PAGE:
Recipe books provided opportunities for universal communication that was not limited by class or gender, creating a unique space of equality. Whilst this does not necessarily guarantee equality for an individual or group beyond these books, the recipe book can certainly be seen as a vehicle that may engender social change, demonstrating the social power, influence and significance that recipe books and literacy granted women.Theophano, p. 166.

How people cooked in the period

Beyond the value of literacy, recipe books offered a form of scientific exploration, placing women in an authoritative position that goes beyond that of the domestic cook. This is evident in how people cooked during this period, recipes taking on a scientific approach firmly rooted in the process of trial and error, such testing was informed by an emerging empiricist model of knowledge and an emerging scientific method […], which underscored the importance of personal observation and experiment to attain accurate information about natural phenomena.Field, p. 56.

Cooking was an intellectual field, a form of empirical knowledge. In the manuscript there are various instances of recipes that have been tried and tested. There are multiple versions of certain recipes, often grouped together, with many being called Another of the same demonstrating the experimental process.

Some have been annotated in the manuscript with this, potentially demonstrating the preferences of the cook, although this may have been solely for forming the contents page of the book. However, it is still likely that significant or well used recipes were the ones that made it into the contents page, demonstrating this experimentation. This trial process may have occurred for various reasons, such as personal taste and preference, but also simply a case of seeing what worked and what did not.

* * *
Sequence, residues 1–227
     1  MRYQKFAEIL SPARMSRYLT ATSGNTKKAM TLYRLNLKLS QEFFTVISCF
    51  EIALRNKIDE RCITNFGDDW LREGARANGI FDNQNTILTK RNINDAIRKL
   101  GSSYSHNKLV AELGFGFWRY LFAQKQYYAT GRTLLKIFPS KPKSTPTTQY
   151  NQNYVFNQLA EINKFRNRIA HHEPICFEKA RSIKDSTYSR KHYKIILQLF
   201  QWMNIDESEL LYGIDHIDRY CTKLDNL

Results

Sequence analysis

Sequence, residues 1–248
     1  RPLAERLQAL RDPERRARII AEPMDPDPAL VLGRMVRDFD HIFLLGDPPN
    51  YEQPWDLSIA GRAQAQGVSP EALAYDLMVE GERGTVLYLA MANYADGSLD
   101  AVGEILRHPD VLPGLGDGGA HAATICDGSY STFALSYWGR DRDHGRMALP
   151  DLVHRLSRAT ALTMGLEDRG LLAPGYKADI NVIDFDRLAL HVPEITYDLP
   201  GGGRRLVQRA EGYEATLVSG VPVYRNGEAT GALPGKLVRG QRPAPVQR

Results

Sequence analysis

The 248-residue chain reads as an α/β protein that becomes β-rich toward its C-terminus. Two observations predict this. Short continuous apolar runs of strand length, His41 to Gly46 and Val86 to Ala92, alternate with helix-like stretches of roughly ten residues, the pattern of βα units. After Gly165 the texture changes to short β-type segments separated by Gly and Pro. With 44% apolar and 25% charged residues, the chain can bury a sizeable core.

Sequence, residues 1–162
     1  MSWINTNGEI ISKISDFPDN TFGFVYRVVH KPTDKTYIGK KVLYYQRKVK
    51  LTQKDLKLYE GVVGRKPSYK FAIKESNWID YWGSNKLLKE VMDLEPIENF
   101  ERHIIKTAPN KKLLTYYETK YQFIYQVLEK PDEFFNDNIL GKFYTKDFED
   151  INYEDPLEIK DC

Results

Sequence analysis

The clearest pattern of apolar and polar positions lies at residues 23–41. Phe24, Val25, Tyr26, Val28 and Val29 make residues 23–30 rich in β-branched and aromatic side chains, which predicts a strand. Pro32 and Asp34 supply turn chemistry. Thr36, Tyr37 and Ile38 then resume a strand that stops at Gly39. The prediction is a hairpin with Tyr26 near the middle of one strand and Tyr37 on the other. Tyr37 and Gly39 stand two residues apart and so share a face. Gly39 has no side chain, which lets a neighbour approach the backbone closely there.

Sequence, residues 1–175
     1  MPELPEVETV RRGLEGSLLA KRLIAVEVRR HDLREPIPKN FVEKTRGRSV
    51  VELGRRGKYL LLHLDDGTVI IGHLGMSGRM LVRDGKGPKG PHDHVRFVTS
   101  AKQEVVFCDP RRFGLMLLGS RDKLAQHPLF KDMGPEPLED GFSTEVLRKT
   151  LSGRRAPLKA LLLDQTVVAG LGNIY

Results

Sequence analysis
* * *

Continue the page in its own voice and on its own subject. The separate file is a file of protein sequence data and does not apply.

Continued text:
Medicinal and cosmetic recipes

Aside from culinary recipes, cosmetic and medicinal recipes were also featured in these recipe books, demonstrating the multifaceted use of the recipe book as a source. In the manuscript we are given recipes to take away hare it Shall never grow and Make teeth white, demonstrating the cosmetic concerns alongside the medicinal and culinary.

Beyond these superficial treatments, food and medicine were seen as a related activity during this period. Culinary and medicinal recipes often occur together, with there being no firm distinction between the preparation of food and medicinal remedies. All ingestible substances were thought to be endowed with humoral properties that could have a beneficial or a negative effect on the body.Field, p. 52.

This overlap between culinary and medicinal allowed women to construct themselves as expert on anything having to do with the body under their care, a far more intensive intellectual task than merely experimenting with recipes.Field, p. 54. For example, in the manuscript, recipe 37 To maike allmond milk, is also used to treat one that hath the burning feavour, demonstrating an additional side to the domestic space.

Mass cooking

Recipe books also placed women in a position of authority outside of the family and into the public sphere, as mass cooking was commonplace during this period. This is due to the fact that alongside managing the household and its servants (if they possessed any), the housewives were expected to feed the household as well.Rosemary O'Day, Women's Agency in Early Modern Britain and the American Colonies (London: Routledge, 2014), p. 211.

This may account for some of the vast quantities needed for recipes in the Jane Loraine book, such as three gallons of milk in recipe 29 To make Spanish cream. The gargantuan size of these dishes possibly reflects the origin of a recipe in a household (or published cookery book) where meals were designed to produce leftovers that found their way to the servants' table.Pennell, p. 248.

For many, if not all elite married women, this role in many respects was extended to the wider community. They were often expected to entertain in large numbers, with the wives ministering the ordinary medical needs of the whole 'community' dependent on the estate.O'Day, p. 220.

These recipes were made to feed households and local communities, something which as a result extended the authority of women from the private to the public sphere. Their role became one far more essential and necessary than the purely domestic cook. Not only are they in charge of feeding the household, but of keeping the household and community healthy and thriving.

Textual Introduction

The Manuscript

Physical description